Council’s discussion reveals concerns about Kraewood’s development; HCI takes nominations for boards, committees

Next week, Northfield City Council will consider approving the tax increment financing deal for the 106-unit building it is a key part of Kraewood’s development. Conversation during Tuesday night’s business session revealed concerns from council members and Mayor Rhonda Pownell, as well as worries from the building’s developer, that could complicate or even derail the project.

Ehlers Group’s Nick Anhut, who serves as financial adviser to the town of Northfield, gave council an overview of the deal, and community development manager Mitzi Baker gave an update on the building’s design. Councilor Suzie Nakasian, however, questioned how the board can approve the TIF deal without having already approved the development and platform agreements, which will be presented to the board in late March or early April.

Nakasian was reminded that the TIF only applies to the apartment building. The Plat deal will cover the entire development, which will also include single-family and multi-family homes, so the sequence of votes taken on the deals doesn’t make much of a difference.

She was also surprised to learn that Council would not be asked to approve the design of the building, having been informed by Director Baker that consent for the site plan would be given at the staff level.

Nakasian and Mayor Rhonda Pownell took issue with the process. Nakasian was very worried that as an elected official she would be asked to vote for a major financial contribution to a development that she could not be sure met all the conditions of the Planning Code. While she said she was inclined to vote in favor of TIF, she informed city staff that before Tuesday’s vote she was going to need to verify that each of her concerns had been addressed.

Mayor Pownell was also very clearly bothered by the order in which council would be asked to vote. And she repeatedly mentioned that the TIF agreement is over 70 pages long, but was received by the board on Tuesday, giving them a week to read and understand the intricacies of the agreement before voting on it.

The mayor went so far as to suggest that the vote on the TIF be postponed until the Plat deal is also complete. City Administrator Ben Martig and Director Baker both warned against the idea. The apartment complex has faced cost increases of more than $2 million since its first proposal last spring. The postponement of the deal would mean that the Stencil Group, which is the developer of the building, would not be able to finalize its main financing, prepare the construction documents or order the construction materials before the start of the construction season. construction.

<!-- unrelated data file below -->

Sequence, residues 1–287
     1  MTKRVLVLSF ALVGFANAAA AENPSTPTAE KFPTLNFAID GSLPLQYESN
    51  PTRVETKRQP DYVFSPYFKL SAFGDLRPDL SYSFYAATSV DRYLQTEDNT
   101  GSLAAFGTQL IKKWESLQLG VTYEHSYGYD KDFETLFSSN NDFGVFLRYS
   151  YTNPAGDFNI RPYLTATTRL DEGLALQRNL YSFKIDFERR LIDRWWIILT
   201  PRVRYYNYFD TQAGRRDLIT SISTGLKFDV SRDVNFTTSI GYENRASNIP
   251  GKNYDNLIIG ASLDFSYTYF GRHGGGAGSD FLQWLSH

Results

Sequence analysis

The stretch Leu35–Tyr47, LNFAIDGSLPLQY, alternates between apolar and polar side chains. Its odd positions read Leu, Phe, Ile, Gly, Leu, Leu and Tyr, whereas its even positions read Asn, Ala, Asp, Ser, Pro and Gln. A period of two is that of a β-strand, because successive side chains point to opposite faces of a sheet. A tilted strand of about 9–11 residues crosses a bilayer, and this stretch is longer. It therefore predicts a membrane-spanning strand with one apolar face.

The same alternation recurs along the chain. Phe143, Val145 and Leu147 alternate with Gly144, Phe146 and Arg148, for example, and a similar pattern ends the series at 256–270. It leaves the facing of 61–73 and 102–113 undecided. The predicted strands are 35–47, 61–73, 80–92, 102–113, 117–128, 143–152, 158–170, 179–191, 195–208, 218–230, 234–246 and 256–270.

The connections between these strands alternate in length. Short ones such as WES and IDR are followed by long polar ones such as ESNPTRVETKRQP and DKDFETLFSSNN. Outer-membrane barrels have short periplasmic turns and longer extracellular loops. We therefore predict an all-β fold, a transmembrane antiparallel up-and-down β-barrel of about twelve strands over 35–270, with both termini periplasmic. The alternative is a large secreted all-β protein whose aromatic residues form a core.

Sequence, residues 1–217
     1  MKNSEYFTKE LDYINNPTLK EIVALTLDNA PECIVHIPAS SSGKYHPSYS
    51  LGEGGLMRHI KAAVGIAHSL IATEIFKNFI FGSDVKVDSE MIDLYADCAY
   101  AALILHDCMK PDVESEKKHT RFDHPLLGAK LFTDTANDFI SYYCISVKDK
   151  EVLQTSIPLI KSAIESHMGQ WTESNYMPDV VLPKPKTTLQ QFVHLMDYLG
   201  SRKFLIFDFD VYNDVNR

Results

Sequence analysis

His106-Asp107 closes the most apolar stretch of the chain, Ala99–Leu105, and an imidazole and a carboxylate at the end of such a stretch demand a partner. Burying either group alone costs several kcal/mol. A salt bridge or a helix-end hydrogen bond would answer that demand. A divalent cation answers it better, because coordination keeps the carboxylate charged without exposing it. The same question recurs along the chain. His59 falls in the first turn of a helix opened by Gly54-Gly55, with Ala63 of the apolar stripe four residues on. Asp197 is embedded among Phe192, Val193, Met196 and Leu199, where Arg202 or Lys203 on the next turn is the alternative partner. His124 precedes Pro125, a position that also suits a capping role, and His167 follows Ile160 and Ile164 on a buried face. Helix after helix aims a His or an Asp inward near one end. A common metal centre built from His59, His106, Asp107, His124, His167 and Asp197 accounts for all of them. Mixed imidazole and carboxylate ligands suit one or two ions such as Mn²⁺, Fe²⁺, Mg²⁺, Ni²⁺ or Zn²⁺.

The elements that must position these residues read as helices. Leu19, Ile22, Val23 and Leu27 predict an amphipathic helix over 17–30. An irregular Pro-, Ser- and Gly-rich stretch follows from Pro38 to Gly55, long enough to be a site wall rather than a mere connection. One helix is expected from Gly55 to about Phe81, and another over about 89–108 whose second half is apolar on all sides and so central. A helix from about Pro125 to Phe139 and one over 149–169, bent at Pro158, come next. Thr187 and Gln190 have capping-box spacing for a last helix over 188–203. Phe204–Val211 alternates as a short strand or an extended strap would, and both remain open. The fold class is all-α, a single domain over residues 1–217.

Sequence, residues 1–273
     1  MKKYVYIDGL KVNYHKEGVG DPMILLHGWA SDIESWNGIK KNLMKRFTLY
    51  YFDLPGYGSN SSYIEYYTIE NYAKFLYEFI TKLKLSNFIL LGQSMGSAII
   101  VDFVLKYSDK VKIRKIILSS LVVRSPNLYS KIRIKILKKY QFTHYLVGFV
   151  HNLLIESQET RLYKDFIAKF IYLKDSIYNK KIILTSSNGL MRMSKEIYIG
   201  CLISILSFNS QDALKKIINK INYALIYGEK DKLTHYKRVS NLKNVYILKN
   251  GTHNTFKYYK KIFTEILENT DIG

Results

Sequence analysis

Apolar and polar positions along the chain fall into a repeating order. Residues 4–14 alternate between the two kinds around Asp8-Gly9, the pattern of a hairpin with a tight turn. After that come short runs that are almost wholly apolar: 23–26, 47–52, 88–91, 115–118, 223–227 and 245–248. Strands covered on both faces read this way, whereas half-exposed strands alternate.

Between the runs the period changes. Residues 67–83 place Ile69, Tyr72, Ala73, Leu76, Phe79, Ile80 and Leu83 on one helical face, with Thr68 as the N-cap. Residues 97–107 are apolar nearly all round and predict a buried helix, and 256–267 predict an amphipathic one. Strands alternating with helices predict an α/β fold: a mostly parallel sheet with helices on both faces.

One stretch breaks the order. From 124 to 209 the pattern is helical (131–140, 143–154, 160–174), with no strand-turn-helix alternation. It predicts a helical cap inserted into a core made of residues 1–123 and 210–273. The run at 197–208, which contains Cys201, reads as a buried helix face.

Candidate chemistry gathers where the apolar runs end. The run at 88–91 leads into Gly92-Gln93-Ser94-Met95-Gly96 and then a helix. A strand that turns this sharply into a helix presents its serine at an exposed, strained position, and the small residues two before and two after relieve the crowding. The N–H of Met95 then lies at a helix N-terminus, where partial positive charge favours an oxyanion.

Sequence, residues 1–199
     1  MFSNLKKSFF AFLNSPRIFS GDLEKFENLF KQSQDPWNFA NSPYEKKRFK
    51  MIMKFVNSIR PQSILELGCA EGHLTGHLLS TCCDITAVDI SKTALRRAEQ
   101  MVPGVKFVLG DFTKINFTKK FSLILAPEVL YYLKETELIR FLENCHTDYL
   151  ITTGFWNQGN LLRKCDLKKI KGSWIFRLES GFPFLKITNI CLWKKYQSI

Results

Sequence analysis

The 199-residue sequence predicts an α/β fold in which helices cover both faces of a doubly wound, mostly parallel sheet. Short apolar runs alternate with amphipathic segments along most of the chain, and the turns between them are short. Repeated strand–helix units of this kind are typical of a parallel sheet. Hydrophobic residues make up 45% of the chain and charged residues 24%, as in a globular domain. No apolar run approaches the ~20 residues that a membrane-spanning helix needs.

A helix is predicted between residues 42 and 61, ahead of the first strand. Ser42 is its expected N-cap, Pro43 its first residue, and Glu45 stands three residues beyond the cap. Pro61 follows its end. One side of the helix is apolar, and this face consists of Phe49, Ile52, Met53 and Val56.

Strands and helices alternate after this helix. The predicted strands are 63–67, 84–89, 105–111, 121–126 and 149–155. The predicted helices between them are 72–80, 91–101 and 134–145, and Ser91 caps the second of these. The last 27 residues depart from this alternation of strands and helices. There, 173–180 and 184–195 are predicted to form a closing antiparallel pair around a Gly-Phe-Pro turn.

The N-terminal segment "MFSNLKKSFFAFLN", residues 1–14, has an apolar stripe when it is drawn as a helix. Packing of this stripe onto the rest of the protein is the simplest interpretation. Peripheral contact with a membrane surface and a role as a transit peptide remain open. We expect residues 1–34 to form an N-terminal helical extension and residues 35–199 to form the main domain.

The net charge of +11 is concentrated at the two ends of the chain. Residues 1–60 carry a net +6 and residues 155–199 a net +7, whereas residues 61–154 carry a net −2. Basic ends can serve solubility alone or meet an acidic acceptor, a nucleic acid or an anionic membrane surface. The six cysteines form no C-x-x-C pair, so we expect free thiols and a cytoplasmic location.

The Kraewood project was controversial from the start. The 100-unit, two-dozen-unit building will be built on the former Paulsen Tree farm and has been met with stiff resistance from residents of surrounding neighborhoods. A collaboration between the Stencil Group, Rebound Partners and Schmidt Homes, developers had hoped to break ground last fall, but delays forced them to revise the construction schedule several times.

Nate Stencil, the owner of The Stencil Group, joined the conversation to express serious concern that any further delays could force his company to cancel the project.

“It’s the craziest I’ve seen in 23 years doing this. I really don’t know what our costs will be from week to week, let alone month to month. Every day new price increases are on top of old price increases we really want to push this forward one way or another next week and if that means it doesn’t work for the city, for a some reason, I guess I can live with that. But I can’t live with being here in March and April talking about it.”

Despite Nakasian and Pownell’s concerns, the TIF deal is expected to remain on the agenda for next Tuesday’s meeting. Mayor Pownell said she hopes staff will be ready to answer any questions about the project, the agreement and the approval process.

Tuesday evening’s City Council meeting will be held in the Council Chambers of City Hall. It will start at 6 p.m.

Healthy Community Initiative looking for council and committee

The Healthy Community Initiative (HCI) is currently accepting applications for positions on the HCI Board of Directors, as well as various Committees. HCI Board members serve three-year terms, beginning in September. Members of the HCI committee serve for one year.

Formed in 1992, Healthy Community Initiative is a council-led coalition of community leaders, youth, parents and school representatives. Their stated mission is “to cultivate a collaborative community that supports, values ​​and empowers young people.” To achieve this, the organization works with community partners to foster collaboration and support community efforts that benefit youth and families in the Northfield area.

The HCI Board of Directors meets from 7:30 a.m. to 9 a.m. on the third Wednesday of each month. HCI committees currently meet monthly in a virtual format. A statement released by HCI says the schedule is set to take into account members’ availability.

To nominate someone, or even yourself, to the Board of Directors, and for more information, please contact HCI at 507-664-3524 or [email protected].

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